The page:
A blind woman and her grandson that Mayan-Families takes care of.

A blind woman and her grandson that Mayan-Families takes care of.

  San Pedro La Laguna, The town we were mostly based out of on the lake.

San Pedro La Laguna, The town we were mostly based out of on the lake.

  Jungle exploring.

Jungle exploring.

 The welcoming crew when we passed into El Salvador.

The welcoming crew when we passed into El Salvador.

  El Salvador.  

El Salvador.  

  The town square in Leon

The town square in Leon

  Our first morning camping on the beach in Leon, Nicaragua. I got up to explore and photograph a bit. I later learned that cross is on the rock as a memorial piece for a group of kids who drowned there a few years ago.  

Our first morning camping on the beach in Leon, Nicaragua. I got up to explore and photograph a bit. I later learned that cross is on the rock as a memorial piece for a group of kids who drowned there a few years ago.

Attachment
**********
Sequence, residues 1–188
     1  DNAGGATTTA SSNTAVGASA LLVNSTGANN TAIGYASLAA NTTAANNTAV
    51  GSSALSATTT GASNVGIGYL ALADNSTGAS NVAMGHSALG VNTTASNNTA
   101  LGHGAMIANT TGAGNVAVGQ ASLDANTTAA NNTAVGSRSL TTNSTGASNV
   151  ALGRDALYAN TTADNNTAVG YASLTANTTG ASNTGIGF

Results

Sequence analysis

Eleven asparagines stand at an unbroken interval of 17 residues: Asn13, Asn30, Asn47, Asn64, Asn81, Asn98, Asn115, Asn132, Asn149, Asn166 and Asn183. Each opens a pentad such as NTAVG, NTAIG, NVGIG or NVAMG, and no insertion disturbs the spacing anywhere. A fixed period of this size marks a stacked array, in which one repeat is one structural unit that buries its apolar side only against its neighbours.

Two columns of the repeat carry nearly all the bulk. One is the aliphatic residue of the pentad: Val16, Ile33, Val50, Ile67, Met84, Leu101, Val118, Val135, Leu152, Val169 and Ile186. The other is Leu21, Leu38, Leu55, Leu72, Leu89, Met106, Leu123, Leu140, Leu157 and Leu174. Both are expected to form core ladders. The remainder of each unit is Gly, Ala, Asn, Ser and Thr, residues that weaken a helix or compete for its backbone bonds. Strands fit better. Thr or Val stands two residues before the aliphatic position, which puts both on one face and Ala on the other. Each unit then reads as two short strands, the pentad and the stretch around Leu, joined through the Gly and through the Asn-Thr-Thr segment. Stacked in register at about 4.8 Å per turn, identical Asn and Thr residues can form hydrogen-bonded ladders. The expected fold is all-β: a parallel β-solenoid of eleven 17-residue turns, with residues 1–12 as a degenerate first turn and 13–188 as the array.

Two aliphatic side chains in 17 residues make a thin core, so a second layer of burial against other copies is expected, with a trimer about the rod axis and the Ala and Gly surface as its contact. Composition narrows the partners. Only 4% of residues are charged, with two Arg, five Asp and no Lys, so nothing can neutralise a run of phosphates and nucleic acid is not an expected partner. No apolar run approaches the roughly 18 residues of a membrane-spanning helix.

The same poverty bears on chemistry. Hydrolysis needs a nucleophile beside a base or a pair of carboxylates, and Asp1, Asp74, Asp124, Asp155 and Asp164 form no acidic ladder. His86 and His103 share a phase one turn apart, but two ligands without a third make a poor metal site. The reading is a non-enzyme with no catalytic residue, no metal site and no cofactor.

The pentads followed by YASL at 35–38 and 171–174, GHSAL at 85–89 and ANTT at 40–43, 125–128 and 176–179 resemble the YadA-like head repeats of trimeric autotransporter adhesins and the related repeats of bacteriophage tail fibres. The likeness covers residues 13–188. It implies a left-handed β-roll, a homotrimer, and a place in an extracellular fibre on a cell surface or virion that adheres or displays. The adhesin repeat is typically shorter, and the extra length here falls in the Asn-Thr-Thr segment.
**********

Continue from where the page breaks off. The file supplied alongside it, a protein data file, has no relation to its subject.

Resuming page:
Leon, Nicaragua

Leon, Nicaragua

  Two more from our camp site.

Two more from our camp site.

9.29.14

Day #86

9.29.14

 

Hey Gang,

 

Enough with the weighty posts. I've been slacking on photos. Which is, after all, what I'm here for.  Since I last touched base I was in the Houston airport pondering what the next 12 hours could possibly look like. I was on a 10 hour layover coming back from a wedding, I had no way to get in touch with the van crew who were racing to pick me up in Cancun, and I was told, lovingly, by the check in lady in Hawaii that "You may be denied entrance into Mexico once you land" because I failed to have an exit flight from Mexico. 

Tensions were high. But, two weeks, and some clever white-lies on customs forms later, brings me here to Honduras. The crew picked me up in Mexico as planned and we crossed the border into Belize two days later. Since then things have been going great.